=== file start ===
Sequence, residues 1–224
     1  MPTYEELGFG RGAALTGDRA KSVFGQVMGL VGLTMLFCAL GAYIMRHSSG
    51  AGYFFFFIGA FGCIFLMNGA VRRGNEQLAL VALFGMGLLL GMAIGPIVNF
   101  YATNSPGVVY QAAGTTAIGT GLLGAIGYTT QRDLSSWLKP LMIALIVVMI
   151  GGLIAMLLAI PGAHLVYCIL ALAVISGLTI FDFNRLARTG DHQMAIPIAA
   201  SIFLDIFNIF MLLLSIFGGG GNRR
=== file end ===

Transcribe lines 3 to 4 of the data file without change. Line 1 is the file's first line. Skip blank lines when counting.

    51  AGYFFFFIGA FGCIFLMNGA VRRGNEQLAL VALFGMGLLL GMAIGPIVNF
   101  YATNSPGVVY QAAGTTAIGT GLLGAIGYTT QRDLSSWLKP LMIALIVVMI